A story about what happens when I go against my own policies
This is a long post. I apologize in advance for that. However, there's a lot to say about this, and if I leave anything out, you and I might regret it someday. Please read on.
I have a policy that I seldom break. I broke it two months ago and a client is now paying for it. All because I trusted the client (I know that sounds harsh - I will explain in a moment) and wanted to save him money.
If Windows gets corrupted (what??!! Never happens!), I tell my clients that part of the recovery process is that they will get a new hard drive, and the old drive will be safely stored for a period of at least six months to ensure I got everything off of it. If not, I can go back to the drive and find what we need. If the old drive still works, all the better, but they still get a new drive. Unfortunately, it bumps up the recovery cost by over $100, but that's my policy.
Windows on my client's laptop became corrupt, and the laptop wouldn't work properly. It became obvious that finding and fixing the problem was going to cost more than saving all his data, wiping the drive clean, reloading Windows, reloading all his applications (Word, Outlook, Roxio, AOL, Internet security software, etc.), and then restoring the data. (Now you know why it takes so long to perform this process.)
When this event occurs, and I think I've probably done this 40 or 50 times in the last seven years, the first thing I do is recover all the client's data I can. This is where the trust came in.
I asked him if he had any data outside of his My Documents folder and the Outlook folder, and he said, "no". I learned years ago that most client's don't really know the answer to that question, but this client has more knowledge about computer than most, so I took his word for it.
In addition, he had spent quite a bit of money with me over the past few months, so, I chose to not buy him a new hard drive, even though I had some twinges about it. By not buying a new drive, I "saved" him money. That was my mistake.
One thing I probably should mention here, in case some of you aren't aware of this, is that many software developers do not follow the rules laid out for them about how to develop their software. In reality, this is why so many people have trouble with Windows. Many of the "Windows failures" over the years are due to ill-behaved applications, not because Windows is so bad. I promise to explain why vendors are given such free range with Windows in another post.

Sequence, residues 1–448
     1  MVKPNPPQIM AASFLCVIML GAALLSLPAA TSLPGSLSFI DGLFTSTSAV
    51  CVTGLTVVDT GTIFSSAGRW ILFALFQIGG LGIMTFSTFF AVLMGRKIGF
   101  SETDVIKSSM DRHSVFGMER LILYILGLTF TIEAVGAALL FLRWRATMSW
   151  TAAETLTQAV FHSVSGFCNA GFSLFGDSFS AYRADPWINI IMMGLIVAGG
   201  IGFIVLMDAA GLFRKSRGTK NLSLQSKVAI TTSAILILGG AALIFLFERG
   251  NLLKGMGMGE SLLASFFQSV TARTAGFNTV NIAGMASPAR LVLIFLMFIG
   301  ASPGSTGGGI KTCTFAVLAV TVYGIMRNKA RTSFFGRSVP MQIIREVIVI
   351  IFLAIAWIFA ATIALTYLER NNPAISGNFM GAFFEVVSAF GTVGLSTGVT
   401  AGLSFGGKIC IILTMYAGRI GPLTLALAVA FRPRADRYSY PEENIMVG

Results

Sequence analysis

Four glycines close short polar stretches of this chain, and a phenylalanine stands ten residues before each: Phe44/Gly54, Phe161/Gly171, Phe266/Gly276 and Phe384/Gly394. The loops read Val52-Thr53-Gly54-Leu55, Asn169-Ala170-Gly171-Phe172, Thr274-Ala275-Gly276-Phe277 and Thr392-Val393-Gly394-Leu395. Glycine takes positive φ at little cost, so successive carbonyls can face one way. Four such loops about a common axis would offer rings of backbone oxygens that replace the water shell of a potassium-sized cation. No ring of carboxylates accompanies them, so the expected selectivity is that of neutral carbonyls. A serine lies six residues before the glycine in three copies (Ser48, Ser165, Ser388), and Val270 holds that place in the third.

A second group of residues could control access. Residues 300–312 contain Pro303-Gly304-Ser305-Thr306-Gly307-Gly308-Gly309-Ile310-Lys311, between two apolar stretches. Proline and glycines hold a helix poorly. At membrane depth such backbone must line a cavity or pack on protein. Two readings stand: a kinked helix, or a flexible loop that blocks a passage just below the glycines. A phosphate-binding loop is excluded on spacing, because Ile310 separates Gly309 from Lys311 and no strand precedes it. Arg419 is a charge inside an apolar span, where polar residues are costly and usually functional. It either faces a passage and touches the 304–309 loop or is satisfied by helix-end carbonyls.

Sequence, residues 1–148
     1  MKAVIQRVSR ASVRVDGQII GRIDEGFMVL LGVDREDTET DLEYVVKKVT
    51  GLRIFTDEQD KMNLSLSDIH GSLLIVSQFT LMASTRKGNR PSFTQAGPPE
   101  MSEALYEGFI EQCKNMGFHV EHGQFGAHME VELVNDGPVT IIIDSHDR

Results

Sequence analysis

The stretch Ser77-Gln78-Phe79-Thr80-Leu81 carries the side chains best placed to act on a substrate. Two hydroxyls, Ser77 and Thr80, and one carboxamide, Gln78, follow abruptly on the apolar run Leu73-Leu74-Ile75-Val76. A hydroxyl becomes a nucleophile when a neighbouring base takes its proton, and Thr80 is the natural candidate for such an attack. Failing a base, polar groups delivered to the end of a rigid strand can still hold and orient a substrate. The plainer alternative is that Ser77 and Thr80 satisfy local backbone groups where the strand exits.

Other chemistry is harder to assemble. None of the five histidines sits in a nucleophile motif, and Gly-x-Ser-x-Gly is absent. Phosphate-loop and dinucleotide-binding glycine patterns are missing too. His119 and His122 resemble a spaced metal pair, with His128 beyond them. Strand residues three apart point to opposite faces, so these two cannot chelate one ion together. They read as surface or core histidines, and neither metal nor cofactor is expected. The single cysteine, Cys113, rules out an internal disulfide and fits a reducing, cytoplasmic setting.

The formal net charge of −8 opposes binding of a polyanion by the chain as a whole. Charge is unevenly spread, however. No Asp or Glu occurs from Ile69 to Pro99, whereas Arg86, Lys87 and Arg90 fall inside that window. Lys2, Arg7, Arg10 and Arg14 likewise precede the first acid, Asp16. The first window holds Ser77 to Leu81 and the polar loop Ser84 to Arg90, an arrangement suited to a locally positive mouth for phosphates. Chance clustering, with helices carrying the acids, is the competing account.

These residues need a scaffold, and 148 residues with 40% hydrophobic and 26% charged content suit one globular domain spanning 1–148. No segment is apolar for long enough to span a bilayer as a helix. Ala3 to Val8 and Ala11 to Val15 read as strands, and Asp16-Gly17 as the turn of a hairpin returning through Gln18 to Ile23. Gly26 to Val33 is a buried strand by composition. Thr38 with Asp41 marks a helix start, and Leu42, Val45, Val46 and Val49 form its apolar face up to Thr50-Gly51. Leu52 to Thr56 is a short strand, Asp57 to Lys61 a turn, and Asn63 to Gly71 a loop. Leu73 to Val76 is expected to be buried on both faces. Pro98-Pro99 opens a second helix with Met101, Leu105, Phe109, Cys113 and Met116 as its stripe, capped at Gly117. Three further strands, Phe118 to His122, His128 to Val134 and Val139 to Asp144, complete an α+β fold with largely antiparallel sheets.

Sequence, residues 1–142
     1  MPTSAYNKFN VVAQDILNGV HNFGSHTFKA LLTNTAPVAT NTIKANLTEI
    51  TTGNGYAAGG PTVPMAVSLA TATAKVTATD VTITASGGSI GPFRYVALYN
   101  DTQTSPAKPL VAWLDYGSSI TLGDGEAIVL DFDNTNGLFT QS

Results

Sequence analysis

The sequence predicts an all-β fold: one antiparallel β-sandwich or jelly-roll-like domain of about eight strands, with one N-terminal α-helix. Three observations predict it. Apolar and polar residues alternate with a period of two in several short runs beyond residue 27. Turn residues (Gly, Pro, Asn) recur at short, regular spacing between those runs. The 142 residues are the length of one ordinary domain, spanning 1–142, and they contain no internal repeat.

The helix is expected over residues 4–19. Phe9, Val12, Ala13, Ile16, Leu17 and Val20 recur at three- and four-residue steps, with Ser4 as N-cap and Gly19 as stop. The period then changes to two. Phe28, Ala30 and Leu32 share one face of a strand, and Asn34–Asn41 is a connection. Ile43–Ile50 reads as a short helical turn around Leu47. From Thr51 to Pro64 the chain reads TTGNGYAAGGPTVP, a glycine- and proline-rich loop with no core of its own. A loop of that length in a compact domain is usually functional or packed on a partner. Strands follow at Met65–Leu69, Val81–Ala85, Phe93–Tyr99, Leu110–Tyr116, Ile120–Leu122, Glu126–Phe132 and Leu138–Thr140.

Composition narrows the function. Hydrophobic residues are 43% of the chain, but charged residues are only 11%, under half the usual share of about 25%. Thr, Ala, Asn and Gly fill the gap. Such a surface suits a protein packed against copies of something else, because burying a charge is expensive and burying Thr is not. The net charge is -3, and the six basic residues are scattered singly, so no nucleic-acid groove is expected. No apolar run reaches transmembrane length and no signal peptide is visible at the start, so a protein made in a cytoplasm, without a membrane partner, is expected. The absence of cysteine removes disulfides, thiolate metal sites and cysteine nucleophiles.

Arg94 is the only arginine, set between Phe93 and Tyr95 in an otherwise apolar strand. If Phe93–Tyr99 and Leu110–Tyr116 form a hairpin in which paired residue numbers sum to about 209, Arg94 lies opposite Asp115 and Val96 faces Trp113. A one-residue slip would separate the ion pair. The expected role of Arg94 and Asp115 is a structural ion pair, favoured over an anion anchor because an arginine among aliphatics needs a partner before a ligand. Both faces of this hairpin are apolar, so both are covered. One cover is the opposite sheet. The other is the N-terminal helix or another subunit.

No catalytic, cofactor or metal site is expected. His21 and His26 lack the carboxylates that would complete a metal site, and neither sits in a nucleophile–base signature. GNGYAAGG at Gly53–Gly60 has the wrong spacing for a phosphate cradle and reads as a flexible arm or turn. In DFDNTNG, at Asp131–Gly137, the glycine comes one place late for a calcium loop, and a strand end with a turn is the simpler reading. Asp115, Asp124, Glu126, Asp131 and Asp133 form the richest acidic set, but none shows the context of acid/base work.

A second thing I will say is that some of these software developers are major manufacturers that most of us trust to do the right thing.
Unfortunately, we really shouldn't trust anyone or any company when it comes to our data. I shouldn't have taken my client's word, and he should have kept very careful backups of his system and made sure that his stuff was really getting backed up. The integrity of your data is your responsibility, it isn't mine or any other consultant's that you hire. We do the best we can to make sure your data is safe, but we cannot guarantee it.
Having said that, I will go to great lengths to maintain the integrity of my clients' data. I have spent a lot of money on software and hardware tools to recover data from drives that don't work. I advise my clients on the best ways to back their data up. I WANT their data to be around when they need it.
So, the manufacturer of my client's photo software will not be revealed here, but I will call them Kodak. I have come to discover that Kodak stores photos by default in a folder created by them that DOES NOT RESIDE in the My Documents folder. My opinion is that that is hubris on Kodak's part. The My Documents folder is where ALL of a client's personal data and files should be saved BY DEFAULT. It is guaranteed that data recovery will focus on that folder. But how in the world is a person trying to recover data supposed to know that the photos aren't where they are expected to be unless they already knew how Kodak's software works?
I didn't have this fact in my bag of tricks, but I found out early in my career that no one is to be trusted when it comes to the client's data, even the client. And I made a mistake with this client. I broke my own policy.
I WON'T DO THAT AGAIN! If the client insists that the cost is too high, then they will have to go somewhere else to recover their data and get their PC up and running correctly. I don't ever again want to feel as though I've let a client down over this type of issue.
I said above that there are other manufacturers guilty of not placing your data into the My Documents folder. I will mention two more, although that doesn't even scratch the surface. Intuit, who manufactures Quicken and QuickBooks, places the data into a folder in their software folder. Your backups will go to My Docs, but not your working data file.
The other guilty party I want to mention here is MICROSOFT!!! If you use Outlook or Outlook Express, your data is in a folder tucked at least three folders deep in your Local Settings folder. That's bad enough, but unless you know where it is, you'll never find it, because Local Settings is A HIDDEN FOLDER! And Outlook Express' address book is in an entirely different folder altogether. Sheesh!
These types of issues are why you all hire us to help you with your PCs. We do the best we can, but we can only know what we have learned. I now know where Kodak stores your photos by default. I can change that for all my clients from here on out. But I know there are other software vendors out there breaking the rules, so your data recovery, at least if I do it, will cost you an extra $100+. You and I will both be glad you spent the money.